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Hard Numbers: Hong Kong protests, Europe looks for big money, Afghan soldiers fall ill, greenhouse emissions drop

Hard Numbers: Hong Kong protests, Europe looks for big money, Afghan soldiers fall ill, greenhouse emissions drop
300: Police in Hong Kong arrested at least 300 people at protests against newly proposed security law that would give Beijing vast new powers over the city, effectively ending the "one country, two systems" model that Hong Kong has enjoyed since passing from British to Chinese control in 1997.

50: The US Department of Defense believes that at least 50 percent of the personnel in Afghanistan's security forces most likely have coronavirus, severely limiting the ability of US troops to train and patrol with their Afghan counterparts.

750 billion: The European Commission, which is the EU's executive branch, has asked member states for the power to borrow an unprecedented 750 billion euros to fund pandemic recovery efforts. The call sets off a fierce debate between more frugal northern European states, which want tight conditions on the money, and cash-strapped southern ones.

8: The International Energy Agency says global industrial greenhouse emissions in 2020 will drop by 8 percent as a result of coronavirus-related quarantines, the largest one-year drop since World War Two.

Khant Thaw Htoo is a young engineer who works in Eni's Sakura Tower office in the heart of Yangon. As an HSE engineer, he monitors the safety and environmental impact of onshore and offshore operations. He also looks out for his parents' well-being, in keeping with Myanmar's traditions.

Learn more about Khant in the final episode of the Faces of Eni series, which focuses on Eni's employees around the world.

Over the weekend, some 40,000 people in Moscow and thousands more across Russia braved subzero temperatures to turn out in the streets in support of imprisoned Kremlin critic Alexei Navalny. More than 3,000 protesters were arrested, and Navalny called on his followers to prepare for more action in the coming weeks.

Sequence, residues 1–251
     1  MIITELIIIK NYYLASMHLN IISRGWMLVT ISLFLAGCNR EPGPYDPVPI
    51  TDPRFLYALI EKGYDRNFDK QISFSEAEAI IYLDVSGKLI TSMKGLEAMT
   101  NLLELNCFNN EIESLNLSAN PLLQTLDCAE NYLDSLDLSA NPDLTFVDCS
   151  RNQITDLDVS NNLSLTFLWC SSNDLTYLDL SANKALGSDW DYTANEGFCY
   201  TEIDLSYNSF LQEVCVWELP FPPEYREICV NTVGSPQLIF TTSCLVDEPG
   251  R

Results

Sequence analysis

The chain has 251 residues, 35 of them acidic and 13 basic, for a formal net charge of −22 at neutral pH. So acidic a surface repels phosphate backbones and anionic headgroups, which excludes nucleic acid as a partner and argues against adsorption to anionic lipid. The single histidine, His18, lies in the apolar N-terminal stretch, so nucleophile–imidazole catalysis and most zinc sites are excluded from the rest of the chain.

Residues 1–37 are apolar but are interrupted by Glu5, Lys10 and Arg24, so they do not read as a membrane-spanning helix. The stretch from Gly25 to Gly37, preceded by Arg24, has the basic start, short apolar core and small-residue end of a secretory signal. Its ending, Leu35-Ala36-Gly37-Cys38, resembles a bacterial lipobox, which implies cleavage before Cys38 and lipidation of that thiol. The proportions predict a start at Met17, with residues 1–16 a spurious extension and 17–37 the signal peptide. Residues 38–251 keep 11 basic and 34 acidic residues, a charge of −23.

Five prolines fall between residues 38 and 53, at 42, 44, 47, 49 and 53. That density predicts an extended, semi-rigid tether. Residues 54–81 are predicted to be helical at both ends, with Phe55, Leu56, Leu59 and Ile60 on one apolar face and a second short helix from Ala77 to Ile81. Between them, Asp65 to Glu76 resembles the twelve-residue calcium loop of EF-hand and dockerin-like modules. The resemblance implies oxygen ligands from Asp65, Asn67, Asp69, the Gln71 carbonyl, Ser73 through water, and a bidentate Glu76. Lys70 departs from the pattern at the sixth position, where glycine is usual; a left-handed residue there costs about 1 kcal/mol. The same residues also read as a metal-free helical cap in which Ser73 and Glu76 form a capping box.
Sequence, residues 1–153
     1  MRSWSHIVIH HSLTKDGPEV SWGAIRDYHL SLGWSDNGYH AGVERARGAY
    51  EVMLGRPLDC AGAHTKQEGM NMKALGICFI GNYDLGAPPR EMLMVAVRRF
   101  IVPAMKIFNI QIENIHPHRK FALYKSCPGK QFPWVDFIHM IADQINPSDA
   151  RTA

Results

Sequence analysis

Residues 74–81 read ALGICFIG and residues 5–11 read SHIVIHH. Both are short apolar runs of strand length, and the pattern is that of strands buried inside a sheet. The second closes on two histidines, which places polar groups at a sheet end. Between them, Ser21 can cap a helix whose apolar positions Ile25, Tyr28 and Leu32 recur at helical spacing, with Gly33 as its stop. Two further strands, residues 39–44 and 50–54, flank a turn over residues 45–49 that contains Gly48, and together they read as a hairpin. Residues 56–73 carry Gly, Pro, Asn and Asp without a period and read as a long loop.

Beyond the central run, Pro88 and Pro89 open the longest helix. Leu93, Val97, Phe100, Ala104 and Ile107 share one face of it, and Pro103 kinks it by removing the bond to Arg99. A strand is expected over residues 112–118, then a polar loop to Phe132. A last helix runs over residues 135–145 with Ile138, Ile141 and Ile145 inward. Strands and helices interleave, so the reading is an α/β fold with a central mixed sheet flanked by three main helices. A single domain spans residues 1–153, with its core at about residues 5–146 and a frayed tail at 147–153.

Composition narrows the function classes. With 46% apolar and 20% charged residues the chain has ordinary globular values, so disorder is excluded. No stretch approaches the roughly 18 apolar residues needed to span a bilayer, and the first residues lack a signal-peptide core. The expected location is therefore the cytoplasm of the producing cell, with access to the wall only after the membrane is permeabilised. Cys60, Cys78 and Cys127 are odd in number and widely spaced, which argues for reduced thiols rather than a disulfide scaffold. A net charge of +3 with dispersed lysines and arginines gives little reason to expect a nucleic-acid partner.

But just who is Alexei Navalny, and how significant is the threat that he may pose to Vladimir Putin's stranglehold on power in Russia?

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9.2 trillion: COVID vaccine hoarding by rich countries and uneven global access to the jabs will draw out the global recovery from the pandemic. In fact, it'll cost the world economy as much as $9.2 trillion, according to a new study by the International Chamber of Commerce.

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The United States has never been more divided, and it's safe to say that social media's role in our national discourse is a big part of the problem. But renowned tech journalist Kara Swisher doesn't see any easy fix. "I don't know how you fix the architecture of a building that is just purposely dangerous for everybody." Swisher joins Ian Bremmer to talk about how some of the richest companies on Earth, whose business models benefit from discord and division, can be compelled to see their better angels. Their conversation was part of the latest episode of GZERO World.

Ian Bremmer's Quick Take (part 1):

Ian Bremmer here, happy Monday. And have your Quick Take to start off the week.

Maybe start off with Biden because now President Biden has had a week, almost a week, right? How was it? How's he doing? Well, for the first week, I would say pretty good. Not exceptional, but not bad, not bad. Normal. I know everyone's excited that there's normalcy. We will not be excited there's normalcy when crises start hitting and when life gets harder and we are still in the middle of a horrible pandemic and he has to respond to it. But for the first week, it was okay.

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The GZERO World Podcast with Ian Bremmer. Listen now.


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